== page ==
Changes in Morphology and Elemental Composition of Vibrio splendidus Along a Gradient from Carbon-limited to Phosphate-limited Growth
We examined morphology, elemental composition (C, N, P), and orthophosphate-uptake efficiency in the marine heterotrophic bacterium Vibrio splendidus grown in continuous cultures. Eight chemostats were arranged along a gradient of increasing glucose concentrations in the reservoirs, shifting the limiting factor from glucose to phosphate. The content of carbon, nitrogen, and phosphorus was measured in individual cells by x-ray microanalysis using a transmission electron microscope (TEM). Cell volumes (V) were estimated from length and width measurements of unfixed, air-dried cells in TEM. There was a transition from coccoid cells in C-limited cultures toward rod-shaped cells in P-limited cultures. Cells in P-limited cultures with free glucose in the media were significantly larger than cells in glucose-depleted cultures (P < 0.0001). We found functional allometry between cellular C-, N-, and P content (in femtograms) and V (in cubic micrometers) in V. splendidus (C = 224 × V 0.89, N = 52.5 × V 0.80, P = 2 × V 0.65); i.e., larger bacteria had less elemental C, N, and P per V than smaller cells, and also less P relative to C. Biomass-specific affinity for orthophosphate uptake in large P-limited V. splendidus approached theoretical maxima predicted for uptake limited by molecular diffusion toward the cells. Comparing these theoretical values to respective values for the smaller, coccoid, C-limited V. splendidus indicated, contrary to the traditional view, that large size did not represent a trade-off when competing for the non-C-limiting nutrients.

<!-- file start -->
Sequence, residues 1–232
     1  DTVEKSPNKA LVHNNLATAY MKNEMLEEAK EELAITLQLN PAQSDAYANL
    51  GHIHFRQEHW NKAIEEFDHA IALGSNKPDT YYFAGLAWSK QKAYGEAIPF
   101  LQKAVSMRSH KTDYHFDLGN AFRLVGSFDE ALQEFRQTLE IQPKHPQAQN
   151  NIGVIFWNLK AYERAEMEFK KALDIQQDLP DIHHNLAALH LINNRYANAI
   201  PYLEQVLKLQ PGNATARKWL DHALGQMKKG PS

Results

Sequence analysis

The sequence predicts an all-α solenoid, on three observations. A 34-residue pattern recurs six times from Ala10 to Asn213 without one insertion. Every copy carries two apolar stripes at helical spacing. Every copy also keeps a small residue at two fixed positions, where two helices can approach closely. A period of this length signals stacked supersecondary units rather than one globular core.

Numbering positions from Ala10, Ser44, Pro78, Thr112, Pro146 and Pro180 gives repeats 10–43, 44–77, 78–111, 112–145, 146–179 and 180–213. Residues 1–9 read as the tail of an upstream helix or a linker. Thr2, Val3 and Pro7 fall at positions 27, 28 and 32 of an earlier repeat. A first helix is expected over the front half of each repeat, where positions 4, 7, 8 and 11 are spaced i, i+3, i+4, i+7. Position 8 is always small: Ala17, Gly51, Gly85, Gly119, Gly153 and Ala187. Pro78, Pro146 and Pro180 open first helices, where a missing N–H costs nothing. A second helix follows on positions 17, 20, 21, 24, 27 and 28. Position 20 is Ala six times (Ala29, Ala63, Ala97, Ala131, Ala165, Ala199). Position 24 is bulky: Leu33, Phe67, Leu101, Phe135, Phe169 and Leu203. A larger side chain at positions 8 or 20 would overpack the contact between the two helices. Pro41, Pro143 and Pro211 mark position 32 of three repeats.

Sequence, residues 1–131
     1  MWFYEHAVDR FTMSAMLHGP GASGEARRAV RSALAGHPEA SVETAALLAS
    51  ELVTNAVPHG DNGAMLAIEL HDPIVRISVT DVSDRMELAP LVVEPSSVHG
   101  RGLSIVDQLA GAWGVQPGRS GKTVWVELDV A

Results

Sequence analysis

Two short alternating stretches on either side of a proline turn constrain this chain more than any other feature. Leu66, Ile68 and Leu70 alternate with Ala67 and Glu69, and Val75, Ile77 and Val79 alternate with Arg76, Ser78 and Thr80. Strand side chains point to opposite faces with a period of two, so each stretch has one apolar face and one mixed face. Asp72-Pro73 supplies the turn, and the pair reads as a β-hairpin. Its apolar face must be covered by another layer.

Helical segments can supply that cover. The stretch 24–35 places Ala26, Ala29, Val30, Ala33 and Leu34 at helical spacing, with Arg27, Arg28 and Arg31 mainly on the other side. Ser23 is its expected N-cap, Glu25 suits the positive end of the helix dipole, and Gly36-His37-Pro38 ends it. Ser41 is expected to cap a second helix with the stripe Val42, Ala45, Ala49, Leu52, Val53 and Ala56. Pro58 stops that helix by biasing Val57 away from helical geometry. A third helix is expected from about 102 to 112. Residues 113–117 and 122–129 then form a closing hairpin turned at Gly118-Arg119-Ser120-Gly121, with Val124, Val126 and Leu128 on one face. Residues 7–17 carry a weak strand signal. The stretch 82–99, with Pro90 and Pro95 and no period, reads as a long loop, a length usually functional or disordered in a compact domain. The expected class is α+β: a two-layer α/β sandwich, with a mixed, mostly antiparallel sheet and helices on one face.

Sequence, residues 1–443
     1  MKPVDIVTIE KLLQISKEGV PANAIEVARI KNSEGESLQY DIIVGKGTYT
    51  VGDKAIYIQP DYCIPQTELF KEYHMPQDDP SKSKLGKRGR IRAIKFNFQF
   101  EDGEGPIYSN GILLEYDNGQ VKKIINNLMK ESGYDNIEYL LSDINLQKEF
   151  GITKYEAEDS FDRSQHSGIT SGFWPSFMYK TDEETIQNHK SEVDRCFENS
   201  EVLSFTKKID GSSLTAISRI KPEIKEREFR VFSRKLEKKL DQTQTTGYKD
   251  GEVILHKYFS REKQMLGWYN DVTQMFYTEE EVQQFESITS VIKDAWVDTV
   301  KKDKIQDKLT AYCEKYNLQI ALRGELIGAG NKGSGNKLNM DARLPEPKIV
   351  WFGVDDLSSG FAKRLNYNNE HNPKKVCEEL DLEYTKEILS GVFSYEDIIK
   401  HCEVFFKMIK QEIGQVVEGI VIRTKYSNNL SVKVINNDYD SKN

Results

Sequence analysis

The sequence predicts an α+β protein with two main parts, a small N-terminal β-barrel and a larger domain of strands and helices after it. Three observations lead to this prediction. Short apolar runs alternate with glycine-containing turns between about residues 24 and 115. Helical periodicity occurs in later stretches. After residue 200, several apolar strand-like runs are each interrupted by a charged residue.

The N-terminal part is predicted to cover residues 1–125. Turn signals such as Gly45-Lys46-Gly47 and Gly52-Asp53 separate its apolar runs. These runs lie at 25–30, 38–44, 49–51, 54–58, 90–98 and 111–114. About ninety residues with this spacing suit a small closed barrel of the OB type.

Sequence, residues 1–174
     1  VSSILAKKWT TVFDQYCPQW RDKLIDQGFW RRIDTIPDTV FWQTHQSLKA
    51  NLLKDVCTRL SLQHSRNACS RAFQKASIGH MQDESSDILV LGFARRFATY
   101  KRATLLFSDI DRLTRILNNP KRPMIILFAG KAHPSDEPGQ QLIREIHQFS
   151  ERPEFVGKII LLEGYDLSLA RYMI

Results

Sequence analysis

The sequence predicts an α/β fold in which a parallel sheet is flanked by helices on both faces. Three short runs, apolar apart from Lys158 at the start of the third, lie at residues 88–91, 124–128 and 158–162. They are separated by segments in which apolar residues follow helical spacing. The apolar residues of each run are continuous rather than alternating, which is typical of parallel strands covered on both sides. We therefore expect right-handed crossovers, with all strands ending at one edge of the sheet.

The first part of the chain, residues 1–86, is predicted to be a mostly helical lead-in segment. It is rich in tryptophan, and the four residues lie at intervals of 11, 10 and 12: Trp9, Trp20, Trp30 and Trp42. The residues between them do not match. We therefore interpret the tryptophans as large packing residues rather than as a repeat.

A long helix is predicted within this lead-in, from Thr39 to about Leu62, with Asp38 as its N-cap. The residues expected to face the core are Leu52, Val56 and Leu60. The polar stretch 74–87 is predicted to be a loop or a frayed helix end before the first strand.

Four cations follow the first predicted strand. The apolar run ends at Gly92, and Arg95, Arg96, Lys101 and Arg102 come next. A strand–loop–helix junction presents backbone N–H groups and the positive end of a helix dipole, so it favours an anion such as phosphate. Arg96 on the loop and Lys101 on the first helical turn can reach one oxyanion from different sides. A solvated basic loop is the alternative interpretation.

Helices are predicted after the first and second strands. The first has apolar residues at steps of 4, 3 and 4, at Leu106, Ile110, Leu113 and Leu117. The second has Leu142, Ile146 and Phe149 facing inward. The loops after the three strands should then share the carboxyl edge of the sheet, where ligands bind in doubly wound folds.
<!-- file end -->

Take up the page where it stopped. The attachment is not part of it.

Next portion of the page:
KeywordsVibrio Soluble Reactive Phosphorus Free Glucose Cell Quota Late Logarithmic Phase
This work was supported by the Strategic Institution Programme “Patterns in Biodiversity” Contract 158936/S40 from the Research Council of Norway. The FACSCalibur flow cytometer was in part funded by a grant from The Knut and Alice Wallenberg Foundation to the Virtue program. We gratefully thank Philippe Lebaron for providing the V. splendidus culture, Tsuneo Tanaka for advice and assistance, George Jackson for providing information on diffusion literature, and Egil S. Erichsen for his assistance at the Laboratory for Electron Microscopy (LEM), Science Faculty, University of Bergen.
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